Civil War surrender letter donated to AU

Robert E. Lee (Courtesy: Library of Congress)
Robert E. Lee (Courtesy: Library of Congress)
Ulysses S. Grant (Courtesy: Library of Congress)
Ulysses S. Grant (Courtesy: Library of Congress)

AUBURN, AL (WSFA) - Auburn University has acquired an extremely rare artifact from the Civil War era; General Robert E. Lee's letter of surrender.

The University says it accepted the document as a donation from a very generous donor on April 10, 2009. That donor was identified as James L. Starr, a 1971 Auburn graduate.

"Something as historically important as this should be preserved for future generations," Starr said.  "I knew Auburn's collection was the best place for it. Now it can be enjoyed by students, scholars and the general public."

The hand-written letter, dated April 9, 1865 was delivered on the same day as Lee's meeting with Ulysses S. Grant. The location: Appomattox Court House in northern Virginia.

Grant wrote a letter to Lee that same day outlining his terms of surrender: The surrender of all artillery and other weapons and an order of parole for all officers and enlisted men in Lee's army (a promise the prisoners of war wouldn't try to take up arms again.) Grant also sent Lee's officers and men home "not to be disturbed" as long as they didn't violate their parole.

The following day Grant apparently made a handwritten copy of the April 9 letter for posterity's sake, dating it April 10. That letter is also held in AU's possession. It's in the Special Collections room on the ground floor of the Ralph Draughon Library.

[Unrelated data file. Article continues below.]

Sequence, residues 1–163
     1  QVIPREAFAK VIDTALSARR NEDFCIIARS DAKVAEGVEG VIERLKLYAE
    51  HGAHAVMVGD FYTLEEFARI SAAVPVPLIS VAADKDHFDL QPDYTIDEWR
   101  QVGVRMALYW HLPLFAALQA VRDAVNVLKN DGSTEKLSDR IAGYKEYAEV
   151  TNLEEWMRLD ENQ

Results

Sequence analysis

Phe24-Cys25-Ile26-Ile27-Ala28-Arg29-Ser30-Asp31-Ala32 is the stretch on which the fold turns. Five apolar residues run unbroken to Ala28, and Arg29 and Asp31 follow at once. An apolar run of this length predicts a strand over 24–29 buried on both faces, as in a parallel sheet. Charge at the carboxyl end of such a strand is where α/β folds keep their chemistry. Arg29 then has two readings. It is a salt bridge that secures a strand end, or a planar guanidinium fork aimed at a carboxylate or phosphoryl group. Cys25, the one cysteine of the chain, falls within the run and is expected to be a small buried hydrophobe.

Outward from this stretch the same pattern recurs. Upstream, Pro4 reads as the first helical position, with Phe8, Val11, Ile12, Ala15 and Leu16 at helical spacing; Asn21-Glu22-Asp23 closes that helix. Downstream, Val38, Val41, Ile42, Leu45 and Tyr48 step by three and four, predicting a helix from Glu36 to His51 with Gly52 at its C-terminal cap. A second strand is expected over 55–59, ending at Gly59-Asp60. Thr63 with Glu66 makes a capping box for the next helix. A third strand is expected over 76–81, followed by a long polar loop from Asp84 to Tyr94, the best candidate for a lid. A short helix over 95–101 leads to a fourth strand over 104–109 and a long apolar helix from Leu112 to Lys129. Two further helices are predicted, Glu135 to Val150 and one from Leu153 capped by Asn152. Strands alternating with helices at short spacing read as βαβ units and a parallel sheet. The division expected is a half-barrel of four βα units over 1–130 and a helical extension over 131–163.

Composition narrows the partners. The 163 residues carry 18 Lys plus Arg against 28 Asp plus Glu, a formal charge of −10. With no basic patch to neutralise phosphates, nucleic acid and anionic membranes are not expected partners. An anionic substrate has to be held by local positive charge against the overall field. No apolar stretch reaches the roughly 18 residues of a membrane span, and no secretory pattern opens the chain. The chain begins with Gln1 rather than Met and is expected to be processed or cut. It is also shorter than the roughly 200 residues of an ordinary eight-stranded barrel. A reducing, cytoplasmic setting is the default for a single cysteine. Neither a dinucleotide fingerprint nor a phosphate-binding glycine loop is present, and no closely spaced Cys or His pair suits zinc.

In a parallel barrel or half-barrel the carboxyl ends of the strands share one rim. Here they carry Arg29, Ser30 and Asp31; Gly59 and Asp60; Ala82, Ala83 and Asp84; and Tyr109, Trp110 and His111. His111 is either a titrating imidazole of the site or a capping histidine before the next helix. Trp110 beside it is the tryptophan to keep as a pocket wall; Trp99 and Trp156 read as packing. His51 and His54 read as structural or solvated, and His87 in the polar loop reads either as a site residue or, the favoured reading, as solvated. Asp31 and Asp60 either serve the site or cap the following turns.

"Before the days of copy machines, it was common practice to produce more than one handwritten copy of important documents," said Dwayne Cox, head of Auburn Libraries Special Collections. "In 30 years as an archivist, I have never received an item of greater significance."

Many historians believe Grant's last provision was an attempt to prevent treason trials.

Kenneth W. Noe, professor of history at Auburn and an authority on the Civil War, called Starr's donation "a welcome addition to the university's holdings of letters, diaries and rare books" related to the conflict.

Bonnie MacEwan, dean of libraries, commented that "gifts like Mr. Starr's give the Auburn University Libraries its distinct personality, making our collection unique."

Auburn University plans to put the Grant letter in the University's digital library along with many other Civil War manuscripts. That will probably take place near 2011 - The Civil War's sesquicentennial.